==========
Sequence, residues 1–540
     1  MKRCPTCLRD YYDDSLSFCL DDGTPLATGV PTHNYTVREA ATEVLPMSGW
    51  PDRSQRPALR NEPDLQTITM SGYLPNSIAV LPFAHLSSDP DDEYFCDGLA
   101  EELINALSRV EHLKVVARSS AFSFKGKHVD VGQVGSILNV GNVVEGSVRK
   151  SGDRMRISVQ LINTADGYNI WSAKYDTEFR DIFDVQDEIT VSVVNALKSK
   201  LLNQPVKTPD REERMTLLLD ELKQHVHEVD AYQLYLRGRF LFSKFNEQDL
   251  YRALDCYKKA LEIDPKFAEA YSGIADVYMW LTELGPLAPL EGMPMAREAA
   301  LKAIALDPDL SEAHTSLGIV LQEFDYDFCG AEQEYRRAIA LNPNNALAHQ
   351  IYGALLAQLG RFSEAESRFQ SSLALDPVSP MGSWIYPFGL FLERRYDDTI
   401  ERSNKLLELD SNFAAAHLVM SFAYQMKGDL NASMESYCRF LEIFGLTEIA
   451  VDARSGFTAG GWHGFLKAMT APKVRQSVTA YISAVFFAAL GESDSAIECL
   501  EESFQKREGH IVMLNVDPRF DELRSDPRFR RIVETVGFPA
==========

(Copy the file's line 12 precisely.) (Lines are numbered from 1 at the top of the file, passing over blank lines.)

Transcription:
   501  EESFQKREGH IVMLNVDPRF DELRSDPRFR RIVETVGFPA